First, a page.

If you can, don’t apply to your universities at the same time. Submit one then start on another. That way you are so busy working on an application, you don’t have time to think about the last one you applied to. Also, the earlier you apply, the less anxious you are likely to be.
Tuition fee deposits
If you are accepted into a university, a lot of the times it will require you to make a tuition fee deposit to firm your offer. The deposit is often for CAS purposes (a thing you need for VISA but that is a discussion for another post) and can vary anywhere between £500 and £3,000 pounds and often is non-refundable unless you get a scholarship which covers tuition so the school will give you your money back.
Chevening says two things which are a bit contradictory:
- Applicants should not enter into any financial agreements with universities until they are selected for scholarship
- Applicants are responsible for securing their offers and Chevening will not negotiate on their behalf
So what then do you do Chevening hopefuls?
- First try to negotiate with your university. That email asking you to make a hefty deposit at a time when you know Chevening results will not be out seems set in stone but in many cases it is not (I wish I knew that as I took out a bank loan because the language was like so threatening lol). If you email the university informing them that you are applying for Chevening and that results will be out by such and such a date and request exemption or that they extend the deadline on this basis they will likely accept
- Some universities are extremely competitive and will not give exemptions and will likely give your spot to the next best candidate. In this case it is your choice whether to risk it or not. How badly do you want to go to a certain school and how confident are you of getting Chevening? If your answer on both of these is positive then go ahead and pay it. No risk, no reward. If you get Chevening, you will likely get the money back and you can save it for your return home (or use it to party like a rock star in the UK lol?). If you don’t get Chevening, you can probably defer admission for the following year and reapply for Chevening with an offer in the bag. Or maybe you lost your money if you don’t get Chevening in that year and the following year you defer to, but at least you tried, don’t be too miserable, just imagine you got robbed. You will make that money and more someday in the future. So if you can afford it go for it. If you can’t afford it or just are not willing to take the risk, let the offer go, apply elsewhere where the fees can be exempt or have a late deadline (which you can find out on the university website or by mailing them ahead of your application enquiring)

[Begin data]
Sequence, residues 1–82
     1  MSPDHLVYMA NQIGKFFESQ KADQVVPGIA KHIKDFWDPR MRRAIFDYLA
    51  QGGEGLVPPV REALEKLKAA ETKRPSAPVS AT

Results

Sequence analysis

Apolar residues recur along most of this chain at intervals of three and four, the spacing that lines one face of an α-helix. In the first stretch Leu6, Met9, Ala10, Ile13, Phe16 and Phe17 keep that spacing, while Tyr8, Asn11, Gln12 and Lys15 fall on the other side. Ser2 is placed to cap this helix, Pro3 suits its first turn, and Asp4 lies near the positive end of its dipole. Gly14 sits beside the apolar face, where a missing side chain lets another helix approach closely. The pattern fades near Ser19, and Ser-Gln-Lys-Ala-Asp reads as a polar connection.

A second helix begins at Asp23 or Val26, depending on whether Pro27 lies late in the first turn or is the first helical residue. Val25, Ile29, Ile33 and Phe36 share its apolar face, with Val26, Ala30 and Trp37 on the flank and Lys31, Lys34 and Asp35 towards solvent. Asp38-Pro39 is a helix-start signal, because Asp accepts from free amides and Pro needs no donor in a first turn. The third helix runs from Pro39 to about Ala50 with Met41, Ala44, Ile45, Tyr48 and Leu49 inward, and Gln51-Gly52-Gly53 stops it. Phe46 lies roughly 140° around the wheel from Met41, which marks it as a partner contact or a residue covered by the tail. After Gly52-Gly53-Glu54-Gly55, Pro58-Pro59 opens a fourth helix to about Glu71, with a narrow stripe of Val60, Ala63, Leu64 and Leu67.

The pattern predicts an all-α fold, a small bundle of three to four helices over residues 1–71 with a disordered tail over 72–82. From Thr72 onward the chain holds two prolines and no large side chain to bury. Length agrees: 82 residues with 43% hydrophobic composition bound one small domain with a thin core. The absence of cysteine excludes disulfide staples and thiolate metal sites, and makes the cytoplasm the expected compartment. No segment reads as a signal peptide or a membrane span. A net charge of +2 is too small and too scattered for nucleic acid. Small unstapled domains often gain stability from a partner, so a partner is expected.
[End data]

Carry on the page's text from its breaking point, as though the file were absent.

So your university has rejected you, now what?
Your ego and feelings may be bruised but don’t let it get you down, keep at it. What differentiates successful people from less successful ones is simply how often they are willing to pick themselves up when they are knocked down.
Don’t take it personally. UK education attracts students from ALL OVER THE WORLD, some of them geniuses as well as people from varying walks of life, some with more experience and others with heart wrenching stories that no admissions committee can turn down even if their grades are poor! So put out your best self, hope for the best but know that your best self may not always be enough and sometimes luck plays a role.
Who knows maybe if you had applied last year or next year with a different pool of applicants you would have stood out and gotten the place? But we are not in the past and not in the future so for now if one school rejects you cry a river, build a bridge then walk over it chin high and start applying to other schools. Reflect on what you can improve from the last application and ameliorate that. Your best WILL be enough for at least ONE school somewhere in the UK. Sometimes reaching your goals may mean compromising and going to a different school (if you are that hell bent on a particular school you can always go later for a second masters or PhD after improving your CV) so keep applying.
*Disclaimer: The views and opinions expressed in this article are those of the authors and do not reflect that of the Foreign and Commonwealth Office (FCO) and its partner organizations.